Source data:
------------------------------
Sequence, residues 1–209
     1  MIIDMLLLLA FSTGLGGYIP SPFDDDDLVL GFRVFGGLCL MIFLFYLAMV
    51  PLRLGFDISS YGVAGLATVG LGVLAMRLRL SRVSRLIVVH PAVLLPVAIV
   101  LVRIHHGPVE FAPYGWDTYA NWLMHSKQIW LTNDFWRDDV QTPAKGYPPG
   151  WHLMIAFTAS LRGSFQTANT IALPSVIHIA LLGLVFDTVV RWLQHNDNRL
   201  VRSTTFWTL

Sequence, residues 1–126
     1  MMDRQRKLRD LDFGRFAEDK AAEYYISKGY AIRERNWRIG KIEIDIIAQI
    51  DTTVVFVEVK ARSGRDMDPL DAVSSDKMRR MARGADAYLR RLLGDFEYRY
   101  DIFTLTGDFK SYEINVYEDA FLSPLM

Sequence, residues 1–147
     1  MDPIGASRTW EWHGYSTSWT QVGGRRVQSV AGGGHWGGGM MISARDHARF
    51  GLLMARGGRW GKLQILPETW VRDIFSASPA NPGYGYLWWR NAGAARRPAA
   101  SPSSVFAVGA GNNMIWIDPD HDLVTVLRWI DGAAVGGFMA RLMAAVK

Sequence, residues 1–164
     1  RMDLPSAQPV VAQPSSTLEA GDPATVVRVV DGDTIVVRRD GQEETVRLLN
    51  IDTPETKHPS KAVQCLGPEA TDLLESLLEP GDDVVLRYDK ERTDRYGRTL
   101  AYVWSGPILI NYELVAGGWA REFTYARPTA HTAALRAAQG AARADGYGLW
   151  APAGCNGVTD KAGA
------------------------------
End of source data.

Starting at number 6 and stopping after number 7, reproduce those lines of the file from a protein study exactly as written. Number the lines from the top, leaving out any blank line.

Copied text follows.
   201  VRSTTFWTL

Sequence, residues 1–126